Commissioned to design a stained-glass window for Westminster Abbey, David Hockney, heralded as “one of the greatest artists of the Queen’s reign” has become, quite literally, enshrined in British culture. The celebrated 81-year-old artist, renowned for being a leading figure of the 1960s Pop art movement, has once again become a subject of international recognition following an announcement from Christie’s New York that his 1972 painting Portrait of an Artist (Pool with Two Figures) is set to be auctioned next month in the region of £61 million pounds. A record-breaking figure, which could result in the painting becoming most valuable artwork produced by a living artist to be sold at auction.

“It is a rare coincidence – when the best painting of an artist is actually available”

The painting, currently featured in a touring exhibition, will be presented as part of Christie’s Post-War and Contemporary Art Evening Sale on 15th November alongside works by Rothko and Bacon. This collection of artworks by former contemporaries forces us recognise the sheer height of Hockney’s success. With a career spanning over six decades, Hockney remains culturally relevant as he continues to unveil chef d’oeuvres, most notably his latest body of work 82 Portraits and 1 Still-Life exhibited at the Royal Academy in 2016: an exploration of portraiture with his subjects being all friends and family, positioned in the same chair and in front of a turquoise blue background, forcing Hockney to draw out the nuances of character. The collection, while invested in individuality and capturing the lives of those around him, is also clearly conscious of the artist’s own mortality. Inevitably, the value of an artist’s work increases after their death, when the number of artworks reaches a finite total – but what exactly is causing the premature price hike of his paintings?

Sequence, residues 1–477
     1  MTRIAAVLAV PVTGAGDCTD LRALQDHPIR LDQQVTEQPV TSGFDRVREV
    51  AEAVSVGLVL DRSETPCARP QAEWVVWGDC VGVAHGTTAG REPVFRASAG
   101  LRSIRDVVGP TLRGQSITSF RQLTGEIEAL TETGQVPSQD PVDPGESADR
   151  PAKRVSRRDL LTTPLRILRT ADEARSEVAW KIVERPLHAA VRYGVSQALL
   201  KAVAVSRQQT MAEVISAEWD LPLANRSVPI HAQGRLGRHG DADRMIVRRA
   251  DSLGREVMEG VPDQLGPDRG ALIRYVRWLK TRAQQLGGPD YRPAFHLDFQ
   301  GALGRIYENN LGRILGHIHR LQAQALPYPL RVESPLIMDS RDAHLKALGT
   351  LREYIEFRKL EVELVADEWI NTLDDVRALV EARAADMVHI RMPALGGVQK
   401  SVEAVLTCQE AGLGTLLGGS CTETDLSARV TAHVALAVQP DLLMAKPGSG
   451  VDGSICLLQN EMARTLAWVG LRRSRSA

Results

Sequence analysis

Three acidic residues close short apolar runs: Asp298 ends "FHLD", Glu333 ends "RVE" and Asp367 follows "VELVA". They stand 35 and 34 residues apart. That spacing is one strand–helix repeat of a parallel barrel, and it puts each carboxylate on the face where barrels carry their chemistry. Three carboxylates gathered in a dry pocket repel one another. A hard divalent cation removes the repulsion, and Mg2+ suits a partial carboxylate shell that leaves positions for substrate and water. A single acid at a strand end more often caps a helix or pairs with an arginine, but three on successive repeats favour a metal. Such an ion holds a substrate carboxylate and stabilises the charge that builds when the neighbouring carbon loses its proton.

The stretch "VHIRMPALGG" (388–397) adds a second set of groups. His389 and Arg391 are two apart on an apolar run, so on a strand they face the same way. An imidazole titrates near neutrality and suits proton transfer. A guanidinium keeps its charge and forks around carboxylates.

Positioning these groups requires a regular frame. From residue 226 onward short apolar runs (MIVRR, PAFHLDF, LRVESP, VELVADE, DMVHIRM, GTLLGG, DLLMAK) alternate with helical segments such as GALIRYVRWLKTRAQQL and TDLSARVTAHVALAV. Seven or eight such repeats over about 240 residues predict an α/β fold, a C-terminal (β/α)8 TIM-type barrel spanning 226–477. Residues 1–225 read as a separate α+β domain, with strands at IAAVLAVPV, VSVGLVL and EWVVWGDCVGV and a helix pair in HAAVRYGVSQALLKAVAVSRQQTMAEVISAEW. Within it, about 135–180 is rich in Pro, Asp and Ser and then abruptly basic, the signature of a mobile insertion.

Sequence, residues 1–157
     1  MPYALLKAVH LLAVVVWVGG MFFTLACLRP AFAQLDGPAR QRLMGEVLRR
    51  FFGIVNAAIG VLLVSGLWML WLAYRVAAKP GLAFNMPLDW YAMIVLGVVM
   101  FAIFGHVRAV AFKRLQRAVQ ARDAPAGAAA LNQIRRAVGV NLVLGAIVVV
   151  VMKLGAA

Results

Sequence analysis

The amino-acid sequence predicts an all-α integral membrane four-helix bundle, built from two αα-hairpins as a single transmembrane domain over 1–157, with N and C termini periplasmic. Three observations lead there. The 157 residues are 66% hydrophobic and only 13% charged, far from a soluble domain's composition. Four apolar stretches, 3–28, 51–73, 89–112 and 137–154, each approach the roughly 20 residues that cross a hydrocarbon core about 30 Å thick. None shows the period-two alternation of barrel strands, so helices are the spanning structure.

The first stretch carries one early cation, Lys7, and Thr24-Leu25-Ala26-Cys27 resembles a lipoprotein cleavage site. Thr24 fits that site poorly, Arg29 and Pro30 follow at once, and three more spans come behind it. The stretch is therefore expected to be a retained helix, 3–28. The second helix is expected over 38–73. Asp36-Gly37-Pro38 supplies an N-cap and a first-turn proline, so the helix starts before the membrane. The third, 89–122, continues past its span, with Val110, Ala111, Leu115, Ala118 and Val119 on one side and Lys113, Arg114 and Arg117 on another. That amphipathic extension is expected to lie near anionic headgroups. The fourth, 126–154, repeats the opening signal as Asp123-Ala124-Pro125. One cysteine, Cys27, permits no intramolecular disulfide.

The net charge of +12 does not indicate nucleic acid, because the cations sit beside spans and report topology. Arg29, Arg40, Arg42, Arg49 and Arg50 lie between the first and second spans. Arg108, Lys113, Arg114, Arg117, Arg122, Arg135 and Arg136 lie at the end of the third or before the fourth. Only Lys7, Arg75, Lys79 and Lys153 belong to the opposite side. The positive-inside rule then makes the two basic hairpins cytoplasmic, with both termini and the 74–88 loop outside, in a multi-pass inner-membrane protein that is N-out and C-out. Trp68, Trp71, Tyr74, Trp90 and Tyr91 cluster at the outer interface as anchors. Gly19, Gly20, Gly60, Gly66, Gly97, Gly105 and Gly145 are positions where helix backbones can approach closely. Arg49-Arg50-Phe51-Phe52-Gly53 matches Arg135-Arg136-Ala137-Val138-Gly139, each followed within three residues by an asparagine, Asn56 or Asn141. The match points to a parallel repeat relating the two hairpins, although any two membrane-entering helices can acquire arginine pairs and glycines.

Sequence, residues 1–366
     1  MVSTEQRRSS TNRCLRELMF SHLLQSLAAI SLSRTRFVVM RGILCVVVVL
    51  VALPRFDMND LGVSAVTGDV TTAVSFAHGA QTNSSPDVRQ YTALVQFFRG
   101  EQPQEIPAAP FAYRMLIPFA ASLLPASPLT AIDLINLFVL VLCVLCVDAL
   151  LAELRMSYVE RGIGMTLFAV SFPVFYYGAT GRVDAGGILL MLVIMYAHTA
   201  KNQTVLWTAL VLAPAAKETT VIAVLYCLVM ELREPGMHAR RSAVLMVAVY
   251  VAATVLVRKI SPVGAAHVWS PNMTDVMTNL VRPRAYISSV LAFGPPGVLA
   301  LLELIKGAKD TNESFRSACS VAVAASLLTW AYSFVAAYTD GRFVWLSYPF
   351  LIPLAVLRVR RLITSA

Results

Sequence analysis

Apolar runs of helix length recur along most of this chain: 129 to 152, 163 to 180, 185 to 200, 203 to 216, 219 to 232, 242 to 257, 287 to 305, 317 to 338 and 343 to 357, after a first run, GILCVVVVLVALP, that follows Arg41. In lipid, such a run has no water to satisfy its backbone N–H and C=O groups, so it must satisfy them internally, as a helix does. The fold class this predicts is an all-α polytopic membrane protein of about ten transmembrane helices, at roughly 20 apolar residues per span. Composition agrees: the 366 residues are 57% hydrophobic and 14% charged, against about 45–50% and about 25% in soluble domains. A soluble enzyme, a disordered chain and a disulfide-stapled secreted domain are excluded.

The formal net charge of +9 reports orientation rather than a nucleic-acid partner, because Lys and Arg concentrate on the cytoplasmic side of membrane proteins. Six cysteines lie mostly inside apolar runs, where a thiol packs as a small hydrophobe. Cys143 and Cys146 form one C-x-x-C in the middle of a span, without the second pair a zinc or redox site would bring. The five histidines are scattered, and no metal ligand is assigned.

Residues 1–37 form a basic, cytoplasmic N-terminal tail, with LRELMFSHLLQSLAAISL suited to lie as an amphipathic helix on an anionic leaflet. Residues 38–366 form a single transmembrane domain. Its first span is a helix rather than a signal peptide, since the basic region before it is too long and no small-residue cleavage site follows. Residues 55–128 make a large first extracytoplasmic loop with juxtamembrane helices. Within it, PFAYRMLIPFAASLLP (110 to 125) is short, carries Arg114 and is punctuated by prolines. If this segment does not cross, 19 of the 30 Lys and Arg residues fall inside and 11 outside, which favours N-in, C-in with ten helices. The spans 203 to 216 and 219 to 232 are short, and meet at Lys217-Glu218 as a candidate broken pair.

an imagined rapport and understanding of the artist does not give way to obscene price

For an artist as self-explorative as Hockney, perhaps this increase in public interest is caused by the fact he is framing his longevity, curating his sense of life and mortality. Last year, Tate Britain’s retrospective David Hockney attracted almost half a million people, becoming the gallery’s most visited exhibition and reaching further spectators when touring the Centre Pompidou in Paris and the Met in New York. When speaking of the exhibition, which coincided with his 80th birthday, Hockney acknowledges the opportunity to construct a collection to present his life and work, “I realise it is the last time (a retrospective) will be done in my lifetime”. Unsurprisingly, within the year following the exhibition, an auction at Sotheby’s saw the artist’s record price broken twice when Piscine de Medianoche was auctioned at £8.7m before Pacific Coast Highway and Santa Monica was sold for £21.1m.

The augmented value in his artworks is a result of scarcity of available for purchase, according to Alex Rotter co-chairman of Post-War and Contemporary Art at Christie’s commenting on the auction of Portrait of An Artist (Pool with two figures) “It is a rare coincidence – when the best painting of an artist is actually available”. What is it that renders this piece to perceivably be worth £61 million?

…he is framing his longevity, curating his sense of life and mortality